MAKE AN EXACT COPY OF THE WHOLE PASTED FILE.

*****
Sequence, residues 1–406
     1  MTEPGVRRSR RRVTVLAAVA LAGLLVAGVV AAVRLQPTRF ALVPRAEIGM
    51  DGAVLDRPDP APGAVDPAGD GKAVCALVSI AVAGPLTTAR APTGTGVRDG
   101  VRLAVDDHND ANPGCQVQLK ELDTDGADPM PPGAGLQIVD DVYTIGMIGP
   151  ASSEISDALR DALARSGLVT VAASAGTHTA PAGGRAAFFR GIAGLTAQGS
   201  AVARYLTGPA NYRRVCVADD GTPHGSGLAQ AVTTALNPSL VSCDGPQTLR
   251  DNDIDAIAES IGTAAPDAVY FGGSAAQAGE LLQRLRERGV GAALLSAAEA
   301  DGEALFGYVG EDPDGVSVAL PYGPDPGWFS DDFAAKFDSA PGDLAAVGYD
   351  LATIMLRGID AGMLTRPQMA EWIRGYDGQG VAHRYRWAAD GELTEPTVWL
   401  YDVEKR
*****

Sequence, residues 1–406
     1  MTEPGVRRSR RRVTVLAAVA LAGLLVAGVV AAVRLQPTRF ALVPRAEIGM
    51  DGAVLDRPDP APGAVDPAGD GKAVCALVSI AVAGPLTTAR APTGTGVRDG
   101  VRLAVDDHND ANPGCQVQLK ELDTDGADPM PPGAGLQIVD DVYTIGMIGP
   151  ASSEISDALR DALARSGLVT VAASAGTHTA PAGGRAAFFR GIAGLTAQGS
   201  AVARYLTGPA NYRRVCVADD GTPHGSGLAQ AVTTALNPSL VSCDGPQTLR
   251  DNDIDAIAES IGTAAPDAVY FGGSAAQAGE LLQRLRERGV GAALLSAAEA
   301  DGEALFGYVG EDPDGVSVAL PYGPDPGWFS DDFAAKFDSA PGDLAAVGYD
   351  LATIMLRGID AGMLTRPQMA EWIRGYDGQG VAHRYRWAAD GELTEPTVWL
   401  YDVEKR